Our weekly take on some of the biggest stories in startup and tech policy.
Apple, Encryption, and the Future of Digital Security. This week’s federal court order that would require Apple to unlock an iPhone linked to last year’s San Bernardino attack has catapulted the debate over privacy, security, and encryption into the headlines of nearly every major news outlet in the U.S. and beyond. Evan takes a look at the ramifications of this case for startups and the tech industry, highlighting the complexity of the situation: “though the FBI’s request is tailored to investigating a specific terrorist activity, it will ultimately weaken security standards and may lead to serious vulnerabilities that will put countless consumers at risk.” Read the full post here.
MOBILE NOW Act. The battle between Democrats and Republicans over a Supreme Court nominee will not thwart Senate Commerce Committee plans to move the MOBILE NOW Act this year. The bipartisan bill, which was introduced last week by committee leaders, Sens. John Thune (R-SD) and Bill Nelson (D-FL), aims to free up additional spectrum for commercial use and improve mobile infrastructure. “I see no reason that any nomination would affect consideration of the bill,” said a staffer for Sen. Thune. While this statement should be taken with a grain of salt (things haven’t exactly been moving quickly in Congress lately, even absent the escalating clash over Justice Scalia’s replacement), it is positive news for the startup community, which supports the bill. More broadly, the Chairman’s reaction signals that lawmakers aren’t ready to give up on 2016 quite yet. We’re hopeful…
Evaluating Startup Accelerators. Startup accelerators are on the rise: today over 170 accelerators support thousands of startups throughout the country. But are they effective? The results are inconclusive, explains researcher Ian Hathaway in a report for Brookings. The top accelerators do help early-stage companies hit key milestones at an accelerated rate. And those top programs even count some unicorns among their alumni. But not all accelerators are created equal. "Much research needs to be done to better understand the effectiveness of these programs and the broader impact they have on startup communities," writes Hathway, "particularly as national and regional authorities look to them as tools for economic growth."
Unlocking the Set-Top Box. In a move aimed at promoting innovation and consumer choice, the FCC voted on Thursday to propose rules that could increase competition in the set-top box market. Did you know that pay-TV subscribers spend an average of $231 per year to rent set-top boxes from their cable provider—something that arguably could be purchased outright from a third-party for much cheaper? The problem is that there are very few meaningful alternatives on the market. The FCC’s proposal aims to change this by establishing an open platform that would allow any set-top box to work on any cable network. So a startup could develop a new set-top box that allows consumers to watch live TV, binge on Netflix, and watch reruns of their favorite shows all on that one device that they paid for once. "Let's have the cable company say, 'You want to pay me for my interface, because it does all of these things nobody else does,' rather than, 'You must pay me,' " FCC Chairman Wheeler said. "We're just trying to get to that basic American concept of competition."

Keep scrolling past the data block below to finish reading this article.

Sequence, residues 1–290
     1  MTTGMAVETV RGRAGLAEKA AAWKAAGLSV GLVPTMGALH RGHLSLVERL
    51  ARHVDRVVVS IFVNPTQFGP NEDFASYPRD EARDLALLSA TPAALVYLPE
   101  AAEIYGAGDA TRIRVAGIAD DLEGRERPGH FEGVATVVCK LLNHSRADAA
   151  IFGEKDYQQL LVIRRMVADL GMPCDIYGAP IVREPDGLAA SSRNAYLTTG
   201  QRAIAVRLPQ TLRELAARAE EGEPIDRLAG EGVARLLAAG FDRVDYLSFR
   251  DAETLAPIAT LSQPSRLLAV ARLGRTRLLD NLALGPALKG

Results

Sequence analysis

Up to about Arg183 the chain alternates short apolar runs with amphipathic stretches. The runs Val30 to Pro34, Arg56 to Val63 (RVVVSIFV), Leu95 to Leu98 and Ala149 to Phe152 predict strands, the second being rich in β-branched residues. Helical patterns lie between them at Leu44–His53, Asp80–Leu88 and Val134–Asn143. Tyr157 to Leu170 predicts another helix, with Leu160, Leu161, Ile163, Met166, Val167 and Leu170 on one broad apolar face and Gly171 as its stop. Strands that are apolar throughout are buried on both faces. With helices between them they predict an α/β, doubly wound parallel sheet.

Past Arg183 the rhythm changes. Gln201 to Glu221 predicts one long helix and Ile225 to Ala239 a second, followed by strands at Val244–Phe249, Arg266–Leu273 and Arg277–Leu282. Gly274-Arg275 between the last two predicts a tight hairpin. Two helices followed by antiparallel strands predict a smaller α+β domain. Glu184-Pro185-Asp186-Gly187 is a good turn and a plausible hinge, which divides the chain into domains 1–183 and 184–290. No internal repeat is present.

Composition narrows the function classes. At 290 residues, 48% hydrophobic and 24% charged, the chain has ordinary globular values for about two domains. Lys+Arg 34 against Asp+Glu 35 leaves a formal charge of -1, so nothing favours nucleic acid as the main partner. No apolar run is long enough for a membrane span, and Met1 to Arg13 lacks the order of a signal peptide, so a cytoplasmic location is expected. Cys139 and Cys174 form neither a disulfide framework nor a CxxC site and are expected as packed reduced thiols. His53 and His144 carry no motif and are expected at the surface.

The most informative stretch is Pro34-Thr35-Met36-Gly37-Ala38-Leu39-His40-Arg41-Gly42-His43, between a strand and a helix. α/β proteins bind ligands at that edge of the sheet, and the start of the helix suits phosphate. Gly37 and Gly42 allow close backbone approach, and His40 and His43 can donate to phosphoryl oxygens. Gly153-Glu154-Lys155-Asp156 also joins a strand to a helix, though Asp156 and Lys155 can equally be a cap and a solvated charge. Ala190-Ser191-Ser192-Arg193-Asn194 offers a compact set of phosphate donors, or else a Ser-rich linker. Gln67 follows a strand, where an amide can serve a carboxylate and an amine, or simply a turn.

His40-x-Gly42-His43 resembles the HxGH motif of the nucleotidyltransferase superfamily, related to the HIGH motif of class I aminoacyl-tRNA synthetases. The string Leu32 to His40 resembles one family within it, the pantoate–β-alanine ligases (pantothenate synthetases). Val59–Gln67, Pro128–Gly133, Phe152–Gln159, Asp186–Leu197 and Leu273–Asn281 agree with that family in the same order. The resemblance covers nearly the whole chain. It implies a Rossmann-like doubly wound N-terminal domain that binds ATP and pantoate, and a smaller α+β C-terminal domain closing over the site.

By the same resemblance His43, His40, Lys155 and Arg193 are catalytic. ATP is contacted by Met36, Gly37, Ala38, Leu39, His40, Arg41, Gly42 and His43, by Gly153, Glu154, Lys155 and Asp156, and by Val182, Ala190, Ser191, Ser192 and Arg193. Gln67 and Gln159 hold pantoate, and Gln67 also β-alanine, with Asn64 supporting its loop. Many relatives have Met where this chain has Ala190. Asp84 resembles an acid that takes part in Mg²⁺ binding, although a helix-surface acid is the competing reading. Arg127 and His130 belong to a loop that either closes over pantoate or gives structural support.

Casting Doubt on Bootcamp Placement Rates. In 2015, coding bootcamps graduated over 16 thousand students with newly minted, on-demand skills. That's a 138 percent increase from the previous year and enrollment rates continue to rise. These accelerated learning programs have become an increasingly popular pathway to tech jobs, or at least so they say: many bootcamps boast job placement rates above 90 percent. However, after a closer examination of those claims, the International Business Times is skeptical of these alluring figures: "Those claims are largely un-audited by third parties and based on differing standards." As the government explores offering federal student loans to cover these new programs, this news should be taken as "more evidence that giving these schools access to federal Title IV dollars is premature and will likely lead to waste and abuse," writes an education policy analyst at New America in a follow-up post. But even that conclusion seems hasty. Instead of interpreting these inconsistencies as harbingers of abuse and exploitation, policymakers should recognize more work needs to be done in order to develop reasonable standards and promote transparency as this market matures.
NYC University Welcomes Immigrant Entrepreneurs. The City University of New York is the latest academic institution welcoming immigrant entrepreneurs to campus. In a new program called IN2NYC, 80 foreign entrepreneurs will be selected to advise professors and students at the school while working to build their own startups. And they'll do this on H1-B visas sponsored by the university. While H1-B visas are capped at 65,000, leaving companies with foreign employees to compete in an annual lottery, academic institutions are exempt from that cap. The program will begin accepting applications from entrepreneurs this spring and begin in late fall.
Principles for Europe’s Digital Ambitions. Have you visited our new Medium publication yet? We’ve been exploring Europe’s efforts to remove regulatory barriers and better integrate the U.S. and EU digital economies through its Digital Single Market (DSM) strategy. Check out perspectives on the issue from the Internet Association, Re:Create, the Application Developers Alliance, the Information Technology Industry Council, and the Computer and Communications Industry Association, and check back for posts from more stakeholders over the coming weeks!